Riverside Music Studio
Katie DePalma has been actively teaching music to all kinds of students
in all kinds of settings since 2006, from private individual instruction to
classroom music theory, from toddlers to adults. She has been playing
violin professionally for over 9 years and is also proficient at viola,
piano, and drums. As a teacher Katie has experimented with both
curricula and pedagogies, the result of which is a multidisciplinary
approach to music education, using samples of the best practices and
approaches across the spectrum of instruments and genres. This allows
students to develop in ways that traditional classical training alone
cannot provide, and also serves as a great strategy for keeping the
student's attention focused during the lesson.
|"I know that the most joy in my life has come to me from my violin." -Albert Einstein
Katie's teaching methodolgy initially focuses on the student's primary instrument,
which is studied through all kinds of musical lenses. More time is spent on the subjects
that inspire and interest each student the most. Then, unlike traditional approaches to
instrument study, Katie gives every student the opportunity to devote some time to
learning another instrument in addition to the one that is their main focus.
"I’ve found this to be one of the most important aspects of any music curriculum," she
explains. "Switching to a different instrument serves as a refreshing break without
losing any of the lesson’s momentum, and by allowing students to express themselves
using all kinds of instruments they achieve a much deeper understanding of music
theory, and their creativity is encouraged in ways that are otherwise lost to students
who only ever touch one instrument!
"Piano students may discover that they love to play drums, and consequently decide to
incorporate more percussive textures into their piano playing. Violin students may
discover that they love the broader range of notes that the piano allows them to access.
No matter which instrument a student chooses to learn, I encourage them to use as
many creative ways as possible to express themselves through music in their own
Katie grew up and went to school in New York, where she earned her B.A. in violin
performance from the University at Albany, State University of New York. Her
violin study has brought her into the company of some truly amazing musicians,
many of whom became her teachers and mentors. In grade school she played with
Allegro Youth Orchestra, which eventually led her to study under Emily Faxon after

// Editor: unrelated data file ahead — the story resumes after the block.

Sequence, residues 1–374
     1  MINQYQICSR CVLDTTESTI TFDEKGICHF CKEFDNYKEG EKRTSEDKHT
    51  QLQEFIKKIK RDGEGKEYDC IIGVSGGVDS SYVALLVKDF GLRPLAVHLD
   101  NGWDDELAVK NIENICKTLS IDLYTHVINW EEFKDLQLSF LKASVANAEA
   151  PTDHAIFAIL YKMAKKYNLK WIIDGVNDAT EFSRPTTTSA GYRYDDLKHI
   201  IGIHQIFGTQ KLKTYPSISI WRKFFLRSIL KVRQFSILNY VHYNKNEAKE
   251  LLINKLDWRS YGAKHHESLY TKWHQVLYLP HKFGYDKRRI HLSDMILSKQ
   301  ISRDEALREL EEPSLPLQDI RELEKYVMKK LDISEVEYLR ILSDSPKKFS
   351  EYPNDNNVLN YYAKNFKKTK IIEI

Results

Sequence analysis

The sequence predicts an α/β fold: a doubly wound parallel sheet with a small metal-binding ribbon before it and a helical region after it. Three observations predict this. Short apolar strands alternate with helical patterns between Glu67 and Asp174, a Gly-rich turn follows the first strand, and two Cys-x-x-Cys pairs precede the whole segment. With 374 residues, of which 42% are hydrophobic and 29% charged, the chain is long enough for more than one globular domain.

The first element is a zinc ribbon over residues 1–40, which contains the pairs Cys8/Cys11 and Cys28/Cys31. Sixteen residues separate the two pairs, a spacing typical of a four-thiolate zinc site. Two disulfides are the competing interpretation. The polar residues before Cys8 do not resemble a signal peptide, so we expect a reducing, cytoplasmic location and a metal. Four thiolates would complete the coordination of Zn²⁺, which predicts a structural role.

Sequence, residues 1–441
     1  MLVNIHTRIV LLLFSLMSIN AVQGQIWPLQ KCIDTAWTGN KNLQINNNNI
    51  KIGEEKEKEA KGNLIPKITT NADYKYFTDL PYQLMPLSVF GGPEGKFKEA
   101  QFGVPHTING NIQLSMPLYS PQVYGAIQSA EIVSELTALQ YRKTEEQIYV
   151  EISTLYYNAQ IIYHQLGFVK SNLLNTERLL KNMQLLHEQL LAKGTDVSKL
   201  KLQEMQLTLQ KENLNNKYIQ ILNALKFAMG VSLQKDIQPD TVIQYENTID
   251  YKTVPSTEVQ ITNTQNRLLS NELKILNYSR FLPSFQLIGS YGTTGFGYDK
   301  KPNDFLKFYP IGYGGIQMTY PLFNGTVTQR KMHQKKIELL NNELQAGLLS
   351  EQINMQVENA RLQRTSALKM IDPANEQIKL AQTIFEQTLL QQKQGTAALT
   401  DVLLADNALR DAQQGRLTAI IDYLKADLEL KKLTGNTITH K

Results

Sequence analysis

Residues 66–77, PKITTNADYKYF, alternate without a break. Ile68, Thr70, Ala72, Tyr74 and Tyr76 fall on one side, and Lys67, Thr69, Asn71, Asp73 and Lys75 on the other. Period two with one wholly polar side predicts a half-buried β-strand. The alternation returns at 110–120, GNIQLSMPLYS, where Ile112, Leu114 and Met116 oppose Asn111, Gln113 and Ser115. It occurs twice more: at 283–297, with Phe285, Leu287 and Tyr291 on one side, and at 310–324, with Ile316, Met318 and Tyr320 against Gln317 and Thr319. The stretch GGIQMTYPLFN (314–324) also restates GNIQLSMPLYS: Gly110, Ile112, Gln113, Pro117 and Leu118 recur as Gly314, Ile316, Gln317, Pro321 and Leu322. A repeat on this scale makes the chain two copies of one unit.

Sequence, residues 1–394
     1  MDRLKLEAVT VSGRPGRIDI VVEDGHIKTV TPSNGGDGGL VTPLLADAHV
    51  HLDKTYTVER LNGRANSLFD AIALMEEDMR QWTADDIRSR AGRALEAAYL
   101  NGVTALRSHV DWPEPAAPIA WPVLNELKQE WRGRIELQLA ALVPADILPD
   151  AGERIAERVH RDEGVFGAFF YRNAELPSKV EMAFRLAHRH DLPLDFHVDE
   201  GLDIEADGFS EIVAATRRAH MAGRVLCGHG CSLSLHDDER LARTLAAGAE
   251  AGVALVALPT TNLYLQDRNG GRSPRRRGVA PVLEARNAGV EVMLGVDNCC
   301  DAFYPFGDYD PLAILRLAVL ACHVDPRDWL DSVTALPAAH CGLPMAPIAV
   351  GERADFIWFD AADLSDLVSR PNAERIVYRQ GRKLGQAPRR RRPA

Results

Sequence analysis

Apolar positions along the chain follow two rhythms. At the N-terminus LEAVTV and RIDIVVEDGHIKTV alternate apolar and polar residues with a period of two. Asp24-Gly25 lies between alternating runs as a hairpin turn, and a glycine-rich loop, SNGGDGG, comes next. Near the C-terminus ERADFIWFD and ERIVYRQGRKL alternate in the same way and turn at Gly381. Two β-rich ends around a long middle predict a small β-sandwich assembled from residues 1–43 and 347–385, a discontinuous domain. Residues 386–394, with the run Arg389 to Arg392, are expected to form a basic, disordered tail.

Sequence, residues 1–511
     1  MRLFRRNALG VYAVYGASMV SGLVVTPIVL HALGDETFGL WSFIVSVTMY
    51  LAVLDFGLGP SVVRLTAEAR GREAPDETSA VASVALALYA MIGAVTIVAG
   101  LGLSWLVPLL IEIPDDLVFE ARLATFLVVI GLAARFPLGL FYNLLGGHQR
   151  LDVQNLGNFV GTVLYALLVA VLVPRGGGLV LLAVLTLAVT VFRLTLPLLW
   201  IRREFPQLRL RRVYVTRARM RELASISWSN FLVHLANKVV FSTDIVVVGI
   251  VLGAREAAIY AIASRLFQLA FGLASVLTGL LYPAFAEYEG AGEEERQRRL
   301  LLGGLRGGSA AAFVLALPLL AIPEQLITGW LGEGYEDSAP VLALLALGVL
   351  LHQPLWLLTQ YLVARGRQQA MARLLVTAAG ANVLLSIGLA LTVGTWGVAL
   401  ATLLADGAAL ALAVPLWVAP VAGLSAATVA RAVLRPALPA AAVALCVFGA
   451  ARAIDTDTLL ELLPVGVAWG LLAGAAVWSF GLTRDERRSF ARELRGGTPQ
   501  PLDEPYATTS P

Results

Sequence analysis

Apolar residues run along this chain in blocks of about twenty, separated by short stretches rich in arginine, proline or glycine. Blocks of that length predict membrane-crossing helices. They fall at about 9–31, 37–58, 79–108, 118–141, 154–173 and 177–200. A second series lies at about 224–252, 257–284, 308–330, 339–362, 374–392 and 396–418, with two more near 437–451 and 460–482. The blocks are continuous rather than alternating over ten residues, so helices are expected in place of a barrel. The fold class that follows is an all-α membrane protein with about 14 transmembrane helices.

she headlined an event with the group. As an undergraduate Katie studied violin
performance under Hillary Cumming and chamber music performance under
Victoria von Arx.
After college, Katie auditioned for a musical tribute group called “Groovin' - A 60’s
and 70’s Musical Journey,” spending the next two years performing with them
inNew York and New Jersey at incredible venues like the Golden Nugget Casino in
Atlantic City and Proctors Theater in Schenectady. Though classically trained and
having a deep love and appreciation for the classical genre, her experience in
Groovin' began a transition away from studying traditional repertoire, and Katie
discovered that she also loved to play rock music, in addition to playing and writing
music for bands and learning how to record her own compositions. She especially
loves bringing her experiences with classical orchestral music into her songwriting.
Curriculum is divided into several sections and lesson plans are customized to
fit each individual student’s interests and weekly progress. The most popular
sections are music performance, music theory and ear training. Other sections
include songwriting, improvisation and music history. While reading music is
an important part of the curriculum, it is equally weighted with ear training and
This approach creates a well-rounded musician who is capable of handling
many of the multi-genre challenges that today’s professionals face. Students
will be able to sit down and play a piece of music written on a sheet of paper
that they have never seen before, and then listen to a recording of a song that
they have never heard before and play along without looking at any music at all.